The primary endpoint evaluated in this study is RBC transfusion independence (RBC-TI) for 12 weeks with a mean hemoglobin (Hb) increase ?1.5 g/dL. Key secondary endpoints include erythroid response (HI-E) of at least 8 weeks during weeks 1-24 of the study, RBC-TI ?12 weeks and RBC-TI for 24 weeks. Eligible patients were ?18 years old with lower-risk MDS who require transfusions. Patients were randomized 1:1 to receive subcutaneous Reblozyl (starting dose 1.0 mg/kg, titration up to 1.75 mg/kg) once every 3 weeks or epoetin alfa (starting dose 450 IU/kg, titration up to 1050 IU/kg) weekly for ?24 weeks. The majority of study participants (>90%) were outside of the United States and a non-U.S.-licensed epoetin alfa product was used in the control arm for such patients.
Myelodysplastic syndromes (MDS) are a group of closely related blood cancers characterized by ineffective production of healthy red blood cells (RBC), white blood cells and platelets, which can lead to anemia and frequent or severe infections. People with MDS who develop anemia often require blood transfusions to increase the number of healthy RBCs in circulation. Frequent transfusions are associated with an increased risk of iron overload, transfusion reactions and infections. Patients who become RBC transfusion-dependent have a significantly shorter overall survival than those who are not dependent on transfusions, partially due to iron overload or to more severe bone marrow disease than in non-transfusion dependent patients.
About Reblozyl« (luspatercept-aamt)
REBLOZYL« (luspatercept-aamt), a first-in-class therapeutic option, promotes late-stage red blood cell maturation in animal models. REBLOZYL is being developed and commercialized through a global collaboration and North American co-promotion with Merck following Merck's acquisition of Acceleron Pharma, Inc. in November 2021. REBLOZYL is indicated in the U.S. for the treatment of:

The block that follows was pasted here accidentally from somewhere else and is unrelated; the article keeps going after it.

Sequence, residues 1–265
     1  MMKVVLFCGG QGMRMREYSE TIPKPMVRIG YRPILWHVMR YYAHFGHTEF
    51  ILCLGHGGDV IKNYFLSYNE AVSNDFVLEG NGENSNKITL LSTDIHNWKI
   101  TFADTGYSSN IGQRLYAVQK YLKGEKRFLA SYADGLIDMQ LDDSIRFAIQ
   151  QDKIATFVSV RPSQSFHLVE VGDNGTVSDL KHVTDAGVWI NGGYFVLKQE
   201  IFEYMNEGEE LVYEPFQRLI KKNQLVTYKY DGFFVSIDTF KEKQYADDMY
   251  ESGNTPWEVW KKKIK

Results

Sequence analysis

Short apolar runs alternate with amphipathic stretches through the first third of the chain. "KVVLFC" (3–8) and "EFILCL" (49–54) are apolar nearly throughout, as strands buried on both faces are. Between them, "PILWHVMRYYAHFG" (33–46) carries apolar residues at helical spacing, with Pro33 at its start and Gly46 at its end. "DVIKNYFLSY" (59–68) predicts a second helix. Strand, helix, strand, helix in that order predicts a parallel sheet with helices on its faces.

REBLOZYL is not indicated for use as a substitute for RBC transfusions in patients who require immediate correction of anemia. In the U.S., REBLOZYL is not indicated for use in patients with non-transfusion-dependent beta thalassemia.
U.S. Important Safety Information
WARNINGS AND PRECAUTIONS
In adult patients with beta thalassemia, thromboembolic events (TEE) were reported in 8/223 (3.6%) of REBLOZYL-treated patients. TEEs included deep vein thrombosis, pulmonary embolus, portal vein thrombosis, and ischemic stroke. Patients with known risk factors for thromboembolism (splenectomy or concomitant use of hormone replacement therapy) may be at further increased risk of thromboembolic conditions. Consider thromboprophylaxis in patients at increased risk of TEE. Monitor patients for signs and symptoms of thromboembolic events and institute treatment promptly.
Hypertension was reported in 11.4% (63/554) of REBLOZYL-treated patients. Across clinical studies, the incidence of Grade 3 to 4 hypertension ranged from 2% to 9.6%. In patients with beta thalassemia with normal baseline blood pressure, 13 (6.2%) patients developed systolic blood pressure (SBP) ?130 mm Hg and 33 (16.6%) patients developed diastolic blood pressure (DBP) ?80 mm Hg. In ESA-refractory or -intolerant adult patients with MDS with normal baseline blood pressure, 26 (30%) patients developed SBP ?130 mm Hg and 23 (16%) patients developed DBP ?80 mm Hg. In ESA-na´ve adult patients with MDS with normal baseline blood pressure, 23 (36%) patients developed SBP ?140 mm Hg and 11 (6%) patients developed DBP ?80 mm Hg. Monitor blood pressure prior to each administration. Manage new or exacerbations of preexisting hypertension using anti-hypertensive agents.
Extramedullary Hematopoietic (EMH) Masses